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Development of the site and content ceased because of the withdrawal of JISC funding for the Information Support Centre at UKOLN from August 2013, which was announced in October 2013. As a result, this blog is no longer being updated and comments have been switched off on all previous posts.

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A brief history...

Instant messaging has been around on the Internet for longer than the World Wide Web. In its earliest, purest (and, it's probably fair to say, crudest) form, it was possible to use the Unix command line tool write to output a message to another user's terminal, provided that they had previously typed mesg y (i.e. messaging yes), or indeed to directly echo or even cat the contents of a file to another terminal.

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It has been explained elsewhere what the difference between URIs and URLs is. The type of URL that one generally sees is an HTTP URL. You can think of the family of URIs rather like in the diagram below, showing some of the most commonly encountered URIs (not by any means a complete list).

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Why do identifiers matter for research?

Imagine that you are a senior manager in an institution within the UK Higher Education sector with responsibilities for research: you have read some basic details about unique researcher identifiers and perhaps institutional identifiers. However, it may not be immediately apparent just how important these issues are, which may seem on the face of it to be a relatively superficial and/or trivial organisational matter. Clearly, any such strategic decision-maker will long have been aware of the demands of the Research Excellence Framework (REF) and its predecessor the Research Assessment Exercise (RAE), in which successful reporting of the best research outputs of university departments is crucial to the on-going funding of the institution. This is particularly central to the work of research-led universities, which is an increasingly competitive sector: even universities that formerly focussed more on teaching than research are increasingly aware of the need to drive up standards of quality research in order to secure additional funding.

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Microservices: are they all that new?

Recently there has been something of a revival of interest in a small-scale development approach towards software design for repositories: microservices. This is far from an entirely new idea but seems to have been somewhat slow to develop in practice, even to date; a useful summary of the approach was given by Neil Jacobs back in 2010.

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What need is there for unique identifiers?

Put in relatively non-technical language, there is an increasing concern in information science in general to uniquely identify different things, organisations or people that could otherwise be confused, whether on the Internet or in the physical world. In technical terms, these are all referred to as resources (even if people might find it vaguely demeaning in normal language to be considered as such).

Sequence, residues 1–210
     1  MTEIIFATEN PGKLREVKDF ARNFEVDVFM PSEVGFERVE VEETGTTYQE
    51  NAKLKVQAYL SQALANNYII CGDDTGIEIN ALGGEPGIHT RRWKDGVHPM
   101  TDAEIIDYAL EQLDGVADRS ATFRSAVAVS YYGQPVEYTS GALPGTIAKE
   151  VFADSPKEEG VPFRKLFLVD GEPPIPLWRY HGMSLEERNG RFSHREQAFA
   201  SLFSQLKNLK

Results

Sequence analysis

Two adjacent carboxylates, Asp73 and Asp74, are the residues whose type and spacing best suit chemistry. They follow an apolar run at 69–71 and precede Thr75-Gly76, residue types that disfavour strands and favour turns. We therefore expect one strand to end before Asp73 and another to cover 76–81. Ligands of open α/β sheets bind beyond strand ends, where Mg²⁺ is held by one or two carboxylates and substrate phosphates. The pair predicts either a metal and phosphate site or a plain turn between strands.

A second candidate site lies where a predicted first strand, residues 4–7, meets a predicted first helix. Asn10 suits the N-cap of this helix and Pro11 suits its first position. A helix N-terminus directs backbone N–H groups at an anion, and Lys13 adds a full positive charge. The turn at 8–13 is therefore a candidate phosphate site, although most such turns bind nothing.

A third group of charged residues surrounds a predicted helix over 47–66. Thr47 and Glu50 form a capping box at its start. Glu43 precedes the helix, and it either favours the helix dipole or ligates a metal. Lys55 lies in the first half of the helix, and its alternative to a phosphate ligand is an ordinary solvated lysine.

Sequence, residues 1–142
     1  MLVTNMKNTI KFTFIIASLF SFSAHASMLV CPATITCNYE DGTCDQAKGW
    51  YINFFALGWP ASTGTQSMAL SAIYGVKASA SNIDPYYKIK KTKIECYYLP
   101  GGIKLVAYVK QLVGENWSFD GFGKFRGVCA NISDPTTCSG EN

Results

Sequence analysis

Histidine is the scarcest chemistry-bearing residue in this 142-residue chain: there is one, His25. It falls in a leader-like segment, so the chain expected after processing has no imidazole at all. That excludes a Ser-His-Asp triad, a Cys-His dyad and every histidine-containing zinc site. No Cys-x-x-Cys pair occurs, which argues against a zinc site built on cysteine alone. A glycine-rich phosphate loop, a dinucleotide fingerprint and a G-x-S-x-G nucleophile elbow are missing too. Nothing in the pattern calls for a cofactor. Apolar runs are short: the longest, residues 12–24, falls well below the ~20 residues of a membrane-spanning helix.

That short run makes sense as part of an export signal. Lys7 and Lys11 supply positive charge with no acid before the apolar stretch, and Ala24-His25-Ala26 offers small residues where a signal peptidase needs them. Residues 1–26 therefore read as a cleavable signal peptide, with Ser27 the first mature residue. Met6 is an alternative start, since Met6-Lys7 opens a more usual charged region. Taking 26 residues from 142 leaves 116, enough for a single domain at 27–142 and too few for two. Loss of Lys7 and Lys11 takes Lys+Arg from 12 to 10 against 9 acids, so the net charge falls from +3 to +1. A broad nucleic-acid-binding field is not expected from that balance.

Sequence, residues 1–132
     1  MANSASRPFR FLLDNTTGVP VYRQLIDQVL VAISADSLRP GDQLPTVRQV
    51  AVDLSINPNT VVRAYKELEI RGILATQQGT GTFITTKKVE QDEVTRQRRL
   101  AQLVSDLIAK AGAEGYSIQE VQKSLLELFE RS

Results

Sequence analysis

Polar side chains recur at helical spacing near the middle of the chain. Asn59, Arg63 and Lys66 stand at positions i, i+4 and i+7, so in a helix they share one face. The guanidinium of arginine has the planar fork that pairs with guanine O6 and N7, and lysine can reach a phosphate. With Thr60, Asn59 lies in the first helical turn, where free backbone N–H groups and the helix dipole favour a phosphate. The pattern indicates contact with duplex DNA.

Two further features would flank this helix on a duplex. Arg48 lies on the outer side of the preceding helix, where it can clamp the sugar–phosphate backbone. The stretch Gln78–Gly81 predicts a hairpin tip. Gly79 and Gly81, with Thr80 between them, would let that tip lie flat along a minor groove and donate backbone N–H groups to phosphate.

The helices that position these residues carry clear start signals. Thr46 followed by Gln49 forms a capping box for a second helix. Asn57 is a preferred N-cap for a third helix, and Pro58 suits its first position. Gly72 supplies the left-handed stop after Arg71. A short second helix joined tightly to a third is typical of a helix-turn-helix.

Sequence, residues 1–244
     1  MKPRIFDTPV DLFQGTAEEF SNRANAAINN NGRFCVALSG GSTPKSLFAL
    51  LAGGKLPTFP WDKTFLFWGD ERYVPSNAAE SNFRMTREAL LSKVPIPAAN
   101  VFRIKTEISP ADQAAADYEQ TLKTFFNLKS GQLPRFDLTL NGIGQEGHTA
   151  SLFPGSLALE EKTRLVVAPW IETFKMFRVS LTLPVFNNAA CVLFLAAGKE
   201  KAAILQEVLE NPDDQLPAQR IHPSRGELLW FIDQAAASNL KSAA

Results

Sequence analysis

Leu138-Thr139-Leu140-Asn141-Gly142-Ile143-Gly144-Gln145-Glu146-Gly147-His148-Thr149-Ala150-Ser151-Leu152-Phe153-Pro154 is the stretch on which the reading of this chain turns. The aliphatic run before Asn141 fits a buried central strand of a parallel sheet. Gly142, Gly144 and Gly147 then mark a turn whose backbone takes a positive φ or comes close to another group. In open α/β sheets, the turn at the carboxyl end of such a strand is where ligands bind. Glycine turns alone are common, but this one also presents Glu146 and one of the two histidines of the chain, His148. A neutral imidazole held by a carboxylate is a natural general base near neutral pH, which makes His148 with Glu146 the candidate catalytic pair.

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Many JISC-funded projects are involved in the development of important aspects of the technological infrastructure which will support teaching and learning, research and administrative activities across the sector. Other projects may be developing digital content for use across the sector.

But how robust if the technical infrastructure and how sustainable with the content and the services be? Such issues will be dependent on factors such as standards which are used and sustainable business models. But an additional important factor is the persistency of Internet domain names.

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On the 21-23 September 2011, I attended the Eleventh International Conference on Dublin Core and Metadata Applications, known as DC-2011 to its friends but #dcmi11 to the true elite. The National Library of the Netherlands (KB) in The Hague made a pleasant setting for the event, although it was perhaps too small.

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The API draft is now available for public viewing and covers:

  • Levels of privacy and other contextual terminology.
  • Public query API by way of illustrative HTTP query dialogues.
  • Protected Data query via OAuth.
    • OAuth Workflow is illustrated in some depth

This is a pre-release of the API; it is nearly there, but it would be foolish to assume that the API will not change if any difficulties arise or if a better way is agreed upon.

Google Doc version of API:


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10:00 Welcome and what’s new – Howard Ratner, ORCID Chair (Slides [PPTX 2.55Mb])

Talk discussed:

Key quote “ORCID will work to support the creation of a permanent, clear and unambiguous record of scholarly communication by enabling reliable attribution of authors and contributors”

Re-statement of the 10 ORCID principles

Various demographics and participant statistics

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Dr. Radut